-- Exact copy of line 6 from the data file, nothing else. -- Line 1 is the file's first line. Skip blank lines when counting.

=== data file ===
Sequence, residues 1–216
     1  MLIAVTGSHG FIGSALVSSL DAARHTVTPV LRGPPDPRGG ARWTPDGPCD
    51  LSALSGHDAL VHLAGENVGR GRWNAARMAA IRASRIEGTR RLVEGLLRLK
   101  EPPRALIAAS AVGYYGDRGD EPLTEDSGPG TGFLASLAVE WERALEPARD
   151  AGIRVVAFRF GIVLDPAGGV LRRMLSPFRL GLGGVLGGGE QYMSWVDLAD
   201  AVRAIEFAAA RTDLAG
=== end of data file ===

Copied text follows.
   201  AVRAIEFAAA RTDLAG